But despite the important progress to date, cancer continues to remain a global health problem, and in the United States alone, approximately 500,000 people still die from the disease every year. It is expected to become the nation's leading cause of death in the not too far-off future. Globally, the number of new cases has been projected to jump from 12.7 million in 2008 to more than 20 million by 2030.

Changes in Cooperative Groups

One issue is the need to update the publicly supported clinical trial program. As a result of the 2010 report by the Institute of Medicine, which called for modernizing and strengthening the system, the National Cancer Institute (NCI) developed a plan to consolidate the then existing 9 adult cooperative cancer groups into 4 groups. "They made changes that would promote greater centralization and standardization that would lead to resulting efficiencies," said ASCO president elect Clifford Hudis, MD. "This program became known as the NCI National Clinical Trials Network."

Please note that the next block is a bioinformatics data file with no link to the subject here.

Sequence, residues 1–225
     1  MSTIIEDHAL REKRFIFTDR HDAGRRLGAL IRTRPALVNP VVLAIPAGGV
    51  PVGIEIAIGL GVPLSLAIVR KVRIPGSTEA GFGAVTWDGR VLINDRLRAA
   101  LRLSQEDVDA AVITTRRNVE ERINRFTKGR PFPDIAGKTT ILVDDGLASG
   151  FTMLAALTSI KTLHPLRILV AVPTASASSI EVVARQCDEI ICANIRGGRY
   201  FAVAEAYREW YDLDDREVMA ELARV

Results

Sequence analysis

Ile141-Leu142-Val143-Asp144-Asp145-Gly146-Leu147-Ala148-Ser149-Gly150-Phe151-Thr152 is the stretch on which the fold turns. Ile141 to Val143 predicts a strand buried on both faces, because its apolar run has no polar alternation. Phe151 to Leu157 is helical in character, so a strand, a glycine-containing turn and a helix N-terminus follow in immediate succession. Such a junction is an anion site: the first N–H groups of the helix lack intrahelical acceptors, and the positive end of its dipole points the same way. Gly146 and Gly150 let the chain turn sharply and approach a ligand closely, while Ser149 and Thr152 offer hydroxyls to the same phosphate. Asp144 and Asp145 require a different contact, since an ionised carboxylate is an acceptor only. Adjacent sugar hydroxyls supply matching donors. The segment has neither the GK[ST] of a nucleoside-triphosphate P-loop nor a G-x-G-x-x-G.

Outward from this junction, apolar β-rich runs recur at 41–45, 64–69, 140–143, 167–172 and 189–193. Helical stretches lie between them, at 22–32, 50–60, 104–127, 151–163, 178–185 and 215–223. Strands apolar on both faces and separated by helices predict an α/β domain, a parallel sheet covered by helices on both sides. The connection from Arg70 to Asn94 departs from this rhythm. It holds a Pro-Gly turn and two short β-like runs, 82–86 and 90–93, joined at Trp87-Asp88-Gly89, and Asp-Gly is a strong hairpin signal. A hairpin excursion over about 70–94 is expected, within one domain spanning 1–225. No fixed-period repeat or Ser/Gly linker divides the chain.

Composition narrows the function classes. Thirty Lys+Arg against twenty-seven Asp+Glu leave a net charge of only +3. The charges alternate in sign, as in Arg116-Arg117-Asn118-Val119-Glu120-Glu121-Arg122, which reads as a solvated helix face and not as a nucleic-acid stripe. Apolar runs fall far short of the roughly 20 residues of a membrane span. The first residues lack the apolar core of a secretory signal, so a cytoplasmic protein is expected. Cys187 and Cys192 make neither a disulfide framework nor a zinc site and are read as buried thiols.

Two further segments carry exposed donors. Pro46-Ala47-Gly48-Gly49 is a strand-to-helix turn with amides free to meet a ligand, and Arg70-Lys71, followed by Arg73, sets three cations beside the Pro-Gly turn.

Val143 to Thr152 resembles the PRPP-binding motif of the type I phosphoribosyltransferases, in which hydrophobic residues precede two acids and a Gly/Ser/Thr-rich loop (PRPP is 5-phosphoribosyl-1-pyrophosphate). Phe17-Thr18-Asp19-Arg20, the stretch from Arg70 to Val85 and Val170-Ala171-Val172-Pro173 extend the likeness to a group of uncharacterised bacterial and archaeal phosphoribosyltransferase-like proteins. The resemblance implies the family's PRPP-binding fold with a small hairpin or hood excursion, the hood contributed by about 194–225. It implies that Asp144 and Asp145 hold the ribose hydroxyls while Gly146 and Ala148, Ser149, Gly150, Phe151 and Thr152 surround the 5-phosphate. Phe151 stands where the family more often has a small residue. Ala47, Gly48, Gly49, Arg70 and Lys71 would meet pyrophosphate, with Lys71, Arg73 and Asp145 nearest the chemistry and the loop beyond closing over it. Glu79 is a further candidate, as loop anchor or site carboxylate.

The groups continued ongoing clinical trials that were underway during this massive reorganization, which included more than 14,000 investigators. The results of clinical trials coming from these groups have often led to changes in practice, Dr. Hudis noted, and he voiced concern about the impact of the federal budget cuts and how they may affect the continued success of the National Clinical Trials Network and their ability to continue enrolling patients in federally funded trials.

Breakthrough Therapies